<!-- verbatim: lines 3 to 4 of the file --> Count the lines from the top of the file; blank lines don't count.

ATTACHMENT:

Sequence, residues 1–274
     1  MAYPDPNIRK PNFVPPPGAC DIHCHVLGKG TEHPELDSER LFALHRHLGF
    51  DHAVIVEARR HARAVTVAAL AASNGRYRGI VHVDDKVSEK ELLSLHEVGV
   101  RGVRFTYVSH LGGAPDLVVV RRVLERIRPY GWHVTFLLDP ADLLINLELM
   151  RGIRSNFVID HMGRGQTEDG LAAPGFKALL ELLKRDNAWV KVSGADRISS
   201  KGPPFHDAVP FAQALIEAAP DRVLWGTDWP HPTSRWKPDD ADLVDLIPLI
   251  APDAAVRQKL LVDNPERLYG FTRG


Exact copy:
    51  DHAVIVEARR HARAVTVAAL AASNGRYRGI VHVDDKVSEK ELLSLHEVGV
   101  RGVRFTYVSH LGGAPDLVVV RRVLERIRPY GWHVTFLLDP ADLLINLELM